College Park, Maryland – Toyota has reached a settlement with a hybrid vehicle technology company that had sued it over patent disputes. The automaker agreed to licence all 23 of Paice’s domestic and foreign patents, the last of which expires in 2019.

The terms of the licences have remained confidential.

Paice sued Toyota in 2004, after Toyota introduced its second-generation Prius and, in a corporate report, said that the key to the car’s improvements was a decision to switch to a high-voltage system. In 2005, a federal judge in Texas ruled that Toyota’s system infringed on one of Paice’s patents, and an appellate court upheld the ruling in 2007. Toyota then appealed to the U.S. Supreme Court, which refused to review the case. Paice said the case was settled out of court on the day it planned to take the case to the International Trade Commission.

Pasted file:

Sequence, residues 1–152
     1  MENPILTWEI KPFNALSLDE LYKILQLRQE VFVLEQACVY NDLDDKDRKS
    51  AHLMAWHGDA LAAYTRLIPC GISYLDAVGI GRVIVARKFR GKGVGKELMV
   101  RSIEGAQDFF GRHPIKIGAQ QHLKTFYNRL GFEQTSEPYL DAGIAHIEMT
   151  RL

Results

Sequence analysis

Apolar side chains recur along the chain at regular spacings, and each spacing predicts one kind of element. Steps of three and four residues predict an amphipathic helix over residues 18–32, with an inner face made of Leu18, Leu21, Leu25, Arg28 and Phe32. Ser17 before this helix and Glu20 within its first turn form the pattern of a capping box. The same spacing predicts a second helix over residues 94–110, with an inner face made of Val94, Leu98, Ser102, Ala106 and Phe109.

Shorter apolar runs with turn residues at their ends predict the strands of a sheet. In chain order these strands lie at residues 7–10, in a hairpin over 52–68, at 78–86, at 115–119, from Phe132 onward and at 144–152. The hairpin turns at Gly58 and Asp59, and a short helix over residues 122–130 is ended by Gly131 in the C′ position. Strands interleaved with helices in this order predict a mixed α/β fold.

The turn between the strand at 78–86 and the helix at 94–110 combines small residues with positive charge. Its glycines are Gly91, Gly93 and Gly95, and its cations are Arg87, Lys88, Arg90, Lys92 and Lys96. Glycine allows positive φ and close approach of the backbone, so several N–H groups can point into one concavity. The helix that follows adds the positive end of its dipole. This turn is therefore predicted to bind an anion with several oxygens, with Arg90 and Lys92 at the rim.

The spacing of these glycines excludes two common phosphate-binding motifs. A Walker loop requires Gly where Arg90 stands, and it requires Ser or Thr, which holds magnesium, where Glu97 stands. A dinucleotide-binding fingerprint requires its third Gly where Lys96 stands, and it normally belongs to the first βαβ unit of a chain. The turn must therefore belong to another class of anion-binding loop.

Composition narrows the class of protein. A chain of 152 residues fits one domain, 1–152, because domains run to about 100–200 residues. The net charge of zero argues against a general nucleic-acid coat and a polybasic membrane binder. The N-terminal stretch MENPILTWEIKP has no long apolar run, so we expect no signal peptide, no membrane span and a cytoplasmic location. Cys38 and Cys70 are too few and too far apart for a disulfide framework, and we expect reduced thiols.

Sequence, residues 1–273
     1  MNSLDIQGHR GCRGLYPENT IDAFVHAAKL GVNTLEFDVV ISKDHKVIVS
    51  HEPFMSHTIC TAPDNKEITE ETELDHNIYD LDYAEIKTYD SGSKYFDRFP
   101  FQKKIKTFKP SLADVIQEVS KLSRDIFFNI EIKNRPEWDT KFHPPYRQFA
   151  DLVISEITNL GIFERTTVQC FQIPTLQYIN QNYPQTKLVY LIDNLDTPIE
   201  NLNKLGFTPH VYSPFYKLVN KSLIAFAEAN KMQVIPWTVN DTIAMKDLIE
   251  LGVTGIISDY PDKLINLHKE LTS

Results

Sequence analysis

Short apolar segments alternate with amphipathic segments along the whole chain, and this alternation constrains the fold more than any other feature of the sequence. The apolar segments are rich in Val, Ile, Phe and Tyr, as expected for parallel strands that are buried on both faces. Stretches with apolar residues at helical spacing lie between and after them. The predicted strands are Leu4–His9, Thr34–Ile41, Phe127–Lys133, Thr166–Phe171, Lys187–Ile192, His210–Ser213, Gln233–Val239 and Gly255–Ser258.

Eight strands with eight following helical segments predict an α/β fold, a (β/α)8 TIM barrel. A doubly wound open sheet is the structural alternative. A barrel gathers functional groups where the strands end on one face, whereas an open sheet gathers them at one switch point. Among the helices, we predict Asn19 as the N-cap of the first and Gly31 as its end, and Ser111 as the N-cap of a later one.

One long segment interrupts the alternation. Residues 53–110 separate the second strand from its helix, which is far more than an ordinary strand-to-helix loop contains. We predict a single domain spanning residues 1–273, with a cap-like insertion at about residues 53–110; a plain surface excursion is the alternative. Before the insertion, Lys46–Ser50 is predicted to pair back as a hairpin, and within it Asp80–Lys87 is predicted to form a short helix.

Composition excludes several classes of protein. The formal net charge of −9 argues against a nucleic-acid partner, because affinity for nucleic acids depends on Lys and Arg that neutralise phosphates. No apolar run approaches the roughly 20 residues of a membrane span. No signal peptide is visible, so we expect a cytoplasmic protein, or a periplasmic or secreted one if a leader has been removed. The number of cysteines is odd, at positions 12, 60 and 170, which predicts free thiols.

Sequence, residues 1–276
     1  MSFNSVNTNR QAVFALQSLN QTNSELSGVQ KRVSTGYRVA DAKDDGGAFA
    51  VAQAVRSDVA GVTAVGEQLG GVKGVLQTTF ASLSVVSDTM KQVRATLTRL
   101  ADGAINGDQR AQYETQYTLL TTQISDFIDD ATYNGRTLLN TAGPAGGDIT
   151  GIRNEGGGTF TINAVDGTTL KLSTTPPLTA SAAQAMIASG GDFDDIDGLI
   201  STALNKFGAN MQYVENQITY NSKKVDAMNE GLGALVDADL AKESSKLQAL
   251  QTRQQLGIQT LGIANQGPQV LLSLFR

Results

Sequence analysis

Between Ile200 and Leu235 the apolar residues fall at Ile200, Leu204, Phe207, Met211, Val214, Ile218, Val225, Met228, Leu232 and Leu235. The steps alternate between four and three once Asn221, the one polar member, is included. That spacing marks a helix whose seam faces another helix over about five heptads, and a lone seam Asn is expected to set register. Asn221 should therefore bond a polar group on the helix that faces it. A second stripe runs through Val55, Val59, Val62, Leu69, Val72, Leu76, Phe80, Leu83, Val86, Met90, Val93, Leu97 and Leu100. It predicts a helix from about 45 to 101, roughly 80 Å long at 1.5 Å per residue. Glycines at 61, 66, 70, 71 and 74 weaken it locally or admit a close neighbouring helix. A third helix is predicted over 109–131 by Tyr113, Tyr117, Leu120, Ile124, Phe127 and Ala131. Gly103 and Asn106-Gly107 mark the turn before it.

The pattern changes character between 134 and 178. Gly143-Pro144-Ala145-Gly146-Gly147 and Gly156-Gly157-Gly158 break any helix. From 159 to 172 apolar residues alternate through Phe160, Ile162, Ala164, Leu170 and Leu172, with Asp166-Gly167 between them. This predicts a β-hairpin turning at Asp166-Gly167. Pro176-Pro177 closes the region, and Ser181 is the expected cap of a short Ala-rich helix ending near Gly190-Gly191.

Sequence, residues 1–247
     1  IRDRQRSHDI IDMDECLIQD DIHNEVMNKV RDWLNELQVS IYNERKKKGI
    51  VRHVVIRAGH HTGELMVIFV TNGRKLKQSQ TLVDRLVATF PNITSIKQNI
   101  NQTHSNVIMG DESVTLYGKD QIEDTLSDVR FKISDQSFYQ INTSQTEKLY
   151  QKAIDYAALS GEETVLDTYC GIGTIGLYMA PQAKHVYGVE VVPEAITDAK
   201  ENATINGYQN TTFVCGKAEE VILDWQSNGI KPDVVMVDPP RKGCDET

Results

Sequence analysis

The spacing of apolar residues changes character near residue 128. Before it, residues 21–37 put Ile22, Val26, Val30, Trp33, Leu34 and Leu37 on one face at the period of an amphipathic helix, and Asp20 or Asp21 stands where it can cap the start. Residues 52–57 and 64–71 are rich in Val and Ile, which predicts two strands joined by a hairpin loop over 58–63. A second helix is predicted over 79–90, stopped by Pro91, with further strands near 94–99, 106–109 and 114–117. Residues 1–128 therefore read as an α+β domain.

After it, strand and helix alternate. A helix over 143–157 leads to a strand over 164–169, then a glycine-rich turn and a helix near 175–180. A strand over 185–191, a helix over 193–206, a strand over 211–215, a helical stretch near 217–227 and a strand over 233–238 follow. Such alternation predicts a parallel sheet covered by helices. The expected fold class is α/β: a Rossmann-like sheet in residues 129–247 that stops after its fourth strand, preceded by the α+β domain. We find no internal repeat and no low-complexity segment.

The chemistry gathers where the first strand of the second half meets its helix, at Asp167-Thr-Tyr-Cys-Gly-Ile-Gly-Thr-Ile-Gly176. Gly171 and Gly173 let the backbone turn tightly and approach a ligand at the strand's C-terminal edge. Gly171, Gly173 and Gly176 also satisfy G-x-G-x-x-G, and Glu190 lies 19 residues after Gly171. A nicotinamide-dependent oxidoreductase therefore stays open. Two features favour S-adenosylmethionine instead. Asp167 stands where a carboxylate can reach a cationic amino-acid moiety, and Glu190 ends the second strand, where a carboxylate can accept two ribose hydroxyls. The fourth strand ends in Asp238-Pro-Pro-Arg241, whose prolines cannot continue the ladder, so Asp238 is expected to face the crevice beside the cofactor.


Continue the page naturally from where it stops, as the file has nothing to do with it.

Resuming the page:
“I am pleased that Toyota and Paice came to an amicable resolution regarding our patents,” said Alex Severinksy, founder of Paice. “We have long believed that hybrid vehicles represent the wave of the future for the auto industry, and hope that consumers will continue to embrace hybrid vehicles as a meaningful way to reduce emissions.”

On July 8, Paice and Ford entered into an agreement for the licence of Paice’s 1994 hybrid vehicle patent, under confidential terms. Paice said it will continue to pursue licensing agreements with other automakers that use hybrid technology patented by the company.

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